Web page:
Nordic (cross-country) skiing uses lighter equipment than Telemark skiing. It takes place on flat terrain away from established skifields. This type of terrain is in short supply in New Zealand.
This activity combines skiing and climbing. People ski across snow country to reach climbing opportunities, or climb to the top of skiable slopes, far from the busier snowfields.
Ski mountaineers attach ‘skins’ underneath the skis to prevent them sliding backwards when travelling up moderate slopes. On steeper slopes, they carry the skis while using climbing techniques and equipment.
Much of the Southern Alps is well suited to ski mountaineering. Many such trips are based around the large glaciers, of which the Tasman, Fox and Franz Josef are best known. Guided trips are available for people of different skill levels and aspirations.
Skiers and snowboarders have another option to reach uncrowded and untracked terrain: aircraft. Helicopters in particular operate on commercial fields and in every skiable area of New Zealand.
Helicopters also frequently carry parties of ski mountaineers. They can quickly reach high-altitude huts to take advantage of brief spells of clear weather.
The first ski races took place in New Zealand in the 1920s. Racing events became an important means of contact between ski clubs in early years. The first nationwide ski championships were held at Ruapehu in 1929, and competitions between New Zealand and Australia began in the 1930s. Federated Mountain Clubs set up a ski sub-committee in 1931 and then a Ski Council in 1932 to organise these events. An independent New Zealand Ski Council was established in 1954. National and Australia–New Zealand competitions are now managed by its successor organisation, Snow Sports New Zealand.
The main informal opportunities for competitive skiing are interschool and Masters events. Masters skiing is a nationwide programme in which adult competitors can measure their results (adjusted for age) against a standard.
Major international skiing events are not held in New Zealand, mainly because the country lacks the infrastructure for large competitions.
Because there was no local circuit at élite level, skiers who wanted to compete individually had to attach themselves to an overseas team. This became possible from the 1960s as overseas national teams trained in New Zealand in their off-season. New Zealand’s winter months are from June to August.
Ski racing in New Zealand, as elsewhere, has been dominated by descendants of ski-racing families from Europe. Annelise Coberger, of German ancestry, was the first New Zealander to gain international attention when she won a World Cup race in 1992. The same year she won a silver medal in the slalom event at the Winter Olympic Games in Albertville, France.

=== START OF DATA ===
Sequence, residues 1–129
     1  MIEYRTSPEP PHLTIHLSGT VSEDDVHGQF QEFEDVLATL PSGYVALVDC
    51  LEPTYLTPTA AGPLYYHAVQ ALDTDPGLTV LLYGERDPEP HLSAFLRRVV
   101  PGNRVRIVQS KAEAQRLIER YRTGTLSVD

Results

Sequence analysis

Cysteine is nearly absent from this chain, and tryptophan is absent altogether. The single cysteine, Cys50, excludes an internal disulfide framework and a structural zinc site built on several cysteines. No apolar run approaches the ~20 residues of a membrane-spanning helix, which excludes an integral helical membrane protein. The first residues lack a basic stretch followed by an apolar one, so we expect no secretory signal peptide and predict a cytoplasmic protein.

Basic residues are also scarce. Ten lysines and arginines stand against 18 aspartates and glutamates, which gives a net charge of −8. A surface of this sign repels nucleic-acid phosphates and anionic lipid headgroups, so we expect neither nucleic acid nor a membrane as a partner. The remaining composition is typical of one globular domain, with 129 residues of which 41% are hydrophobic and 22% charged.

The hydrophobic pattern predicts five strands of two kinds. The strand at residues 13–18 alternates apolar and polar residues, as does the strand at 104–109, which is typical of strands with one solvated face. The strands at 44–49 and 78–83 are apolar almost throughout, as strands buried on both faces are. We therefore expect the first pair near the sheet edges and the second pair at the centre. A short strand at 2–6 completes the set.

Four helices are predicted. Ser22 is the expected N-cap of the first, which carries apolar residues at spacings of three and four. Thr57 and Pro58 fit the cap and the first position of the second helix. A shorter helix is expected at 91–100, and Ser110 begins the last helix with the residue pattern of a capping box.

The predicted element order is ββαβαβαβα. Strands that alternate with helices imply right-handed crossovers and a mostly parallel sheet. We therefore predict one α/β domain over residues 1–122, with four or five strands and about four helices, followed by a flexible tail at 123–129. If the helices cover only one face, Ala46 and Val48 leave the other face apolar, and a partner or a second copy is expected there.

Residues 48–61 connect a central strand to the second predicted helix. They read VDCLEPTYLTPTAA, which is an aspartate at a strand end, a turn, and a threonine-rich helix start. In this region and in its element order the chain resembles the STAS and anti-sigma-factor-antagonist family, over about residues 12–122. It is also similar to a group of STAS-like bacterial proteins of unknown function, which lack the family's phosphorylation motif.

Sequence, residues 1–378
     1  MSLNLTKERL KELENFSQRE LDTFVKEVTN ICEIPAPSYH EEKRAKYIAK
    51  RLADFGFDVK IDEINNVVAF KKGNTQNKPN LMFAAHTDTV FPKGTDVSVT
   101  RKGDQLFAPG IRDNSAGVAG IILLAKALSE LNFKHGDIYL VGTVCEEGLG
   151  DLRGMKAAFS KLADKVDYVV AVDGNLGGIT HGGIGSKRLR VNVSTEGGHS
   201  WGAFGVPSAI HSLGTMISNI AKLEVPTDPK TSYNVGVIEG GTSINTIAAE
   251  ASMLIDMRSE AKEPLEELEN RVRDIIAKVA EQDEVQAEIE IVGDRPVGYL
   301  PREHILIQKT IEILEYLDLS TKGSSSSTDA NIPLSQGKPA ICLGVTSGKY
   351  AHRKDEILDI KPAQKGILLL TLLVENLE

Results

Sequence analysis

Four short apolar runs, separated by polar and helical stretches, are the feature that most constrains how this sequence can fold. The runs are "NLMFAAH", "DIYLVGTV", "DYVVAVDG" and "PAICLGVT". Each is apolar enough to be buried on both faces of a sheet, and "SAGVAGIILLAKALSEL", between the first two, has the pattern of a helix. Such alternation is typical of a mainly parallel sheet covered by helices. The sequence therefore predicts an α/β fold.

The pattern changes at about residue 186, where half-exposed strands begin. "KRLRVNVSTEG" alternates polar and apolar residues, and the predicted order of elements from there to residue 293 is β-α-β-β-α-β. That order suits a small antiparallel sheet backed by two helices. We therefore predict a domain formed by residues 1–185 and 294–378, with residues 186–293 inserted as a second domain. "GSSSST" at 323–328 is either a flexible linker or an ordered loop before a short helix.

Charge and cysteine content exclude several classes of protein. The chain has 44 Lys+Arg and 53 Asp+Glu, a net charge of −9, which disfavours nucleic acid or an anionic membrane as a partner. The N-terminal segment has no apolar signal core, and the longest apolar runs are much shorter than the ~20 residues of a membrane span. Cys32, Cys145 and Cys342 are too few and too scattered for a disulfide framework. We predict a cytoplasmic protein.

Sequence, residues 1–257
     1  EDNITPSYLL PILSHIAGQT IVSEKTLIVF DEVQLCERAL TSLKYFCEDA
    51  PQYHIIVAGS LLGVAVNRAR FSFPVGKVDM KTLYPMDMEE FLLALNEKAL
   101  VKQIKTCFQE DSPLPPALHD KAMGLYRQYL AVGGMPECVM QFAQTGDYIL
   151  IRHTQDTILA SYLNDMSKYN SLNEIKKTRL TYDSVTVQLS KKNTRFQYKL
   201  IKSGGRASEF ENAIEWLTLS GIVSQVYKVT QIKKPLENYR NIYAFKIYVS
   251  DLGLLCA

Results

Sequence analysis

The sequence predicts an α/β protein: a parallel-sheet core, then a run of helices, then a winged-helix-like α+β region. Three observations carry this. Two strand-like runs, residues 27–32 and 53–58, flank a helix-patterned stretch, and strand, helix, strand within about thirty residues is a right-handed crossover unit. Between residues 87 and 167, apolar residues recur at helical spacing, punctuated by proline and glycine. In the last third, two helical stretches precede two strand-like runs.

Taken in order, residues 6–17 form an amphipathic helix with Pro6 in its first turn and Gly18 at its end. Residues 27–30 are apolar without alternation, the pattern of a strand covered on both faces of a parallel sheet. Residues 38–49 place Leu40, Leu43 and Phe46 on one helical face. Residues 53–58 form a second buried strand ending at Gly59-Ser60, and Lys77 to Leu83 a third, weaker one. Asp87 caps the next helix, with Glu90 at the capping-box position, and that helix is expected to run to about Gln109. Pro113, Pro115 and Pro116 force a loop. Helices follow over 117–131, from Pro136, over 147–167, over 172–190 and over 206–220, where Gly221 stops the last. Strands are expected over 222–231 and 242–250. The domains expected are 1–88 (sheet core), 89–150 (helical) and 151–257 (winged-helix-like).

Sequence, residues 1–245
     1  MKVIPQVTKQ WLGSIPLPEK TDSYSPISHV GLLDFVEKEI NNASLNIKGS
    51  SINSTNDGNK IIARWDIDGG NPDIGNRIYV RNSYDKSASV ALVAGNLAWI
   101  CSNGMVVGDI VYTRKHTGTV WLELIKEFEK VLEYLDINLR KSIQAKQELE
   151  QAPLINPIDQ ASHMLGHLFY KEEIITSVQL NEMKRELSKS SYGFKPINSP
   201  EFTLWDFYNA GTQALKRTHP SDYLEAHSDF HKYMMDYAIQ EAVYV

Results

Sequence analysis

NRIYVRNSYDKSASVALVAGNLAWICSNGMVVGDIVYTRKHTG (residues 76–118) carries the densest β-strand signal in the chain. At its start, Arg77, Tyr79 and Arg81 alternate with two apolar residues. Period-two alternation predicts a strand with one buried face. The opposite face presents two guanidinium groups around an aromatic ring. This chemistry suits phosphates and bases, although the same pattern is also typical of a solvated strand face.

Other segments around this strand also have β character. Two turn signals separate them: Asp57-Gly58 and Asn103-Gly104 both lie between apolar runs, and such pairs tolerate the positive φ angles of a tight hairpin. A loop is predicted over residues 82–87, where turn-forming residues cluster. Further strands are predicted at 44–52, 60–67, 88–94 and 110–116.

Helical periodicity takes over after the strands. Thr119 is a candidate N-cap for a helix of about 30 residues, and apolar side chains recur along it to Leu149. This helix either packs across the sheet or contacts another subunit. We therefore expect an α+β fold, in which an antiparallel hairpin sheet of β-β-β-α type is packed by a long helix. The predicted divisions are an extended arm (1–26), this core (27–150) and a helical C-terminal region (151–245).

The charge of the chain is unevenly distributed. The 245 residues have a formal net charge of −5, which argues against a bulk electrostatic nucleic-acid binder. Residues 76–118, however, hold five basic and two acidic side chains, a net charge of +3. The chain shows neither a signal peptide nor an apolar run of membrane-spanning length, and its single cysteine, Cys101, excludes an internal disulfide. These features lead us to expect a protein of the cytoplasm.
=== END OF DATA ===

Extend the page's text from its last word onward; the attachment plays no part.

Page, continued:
Austrian-born New Zealander Claudia Riegler also achieved World Cup successes, and skied at the 1994, 1998 and 2002 Winter Olympics. She retired in 2003 after nine years on the World Cup slalom ski circuit.
An exception to the pattern was Simon Wi Rutene, of Māori descent. New Zealand national skiing champion from 1986 to 1995, he competed in four Winter Olympics in the 1980s and 1990s.
In 2019/20, teenager Alice Robinson won two World Cup giant slalom races and was sharing the lead in the standings when the season was cut short by the COVID-19 pandemic.
German immigrant Oscar Coberger began teaching skiing at the Hermitage, Aoraki/Mt Cook, in 1926. Seeing the potential of Arthur’s Pass as a skifield that could be reached by train from Christchurch, he set up a shop there to sell skiing equipment – one of the few such enterprises in New Zealand. His granddaughter, Annelise, became New Zealand’s first Olympic skiing medallist.
The New Zealand Disabled Ski Team has been attending the Winter Paralympics since 1980. It won New Zealand’s first medals in international skiing in 1984 at Innsbruck, Austria, and has had notable success since then. Up to 2018, multiple gold medallists have been Patrick Cooper (four), Rachael Battersby and Mathew Butson (three each), and Adam Hall and Vivienne Martin (two).
Since the early 2000s, a national representative ski team has competed at international events, notably the Winter Olympics.
McClure, Margaret. The wonder country: making New Zealand tourism. Auckland: Auckland University Press, 2004.
Power, Gerry. White gold: the Mount Hutt story. Christchurch: Canterbury University Press, 2002.
Rich, Margaret. 75 years on Cockayne: Mt. Cheesman Ski Club. Christchurch: Wilson Scott, 2004.
Shears, Richard, and Isobelle Gidley. A skier’s guide to Australia and New Zealand. Auckland: Reed, 1983.
Titus, Paul. ‘Ski industry based on pioneer spirit.' New Zealand Heritage (Winter 2004): 12–17.
Williams, Karen, and Dave Bamford. Skiing on the volcano: historical images of skiing on Mount Ruapehu. Wellington: Ruapehu Alpine Lifts and Tourism Resource Consultants, 1987.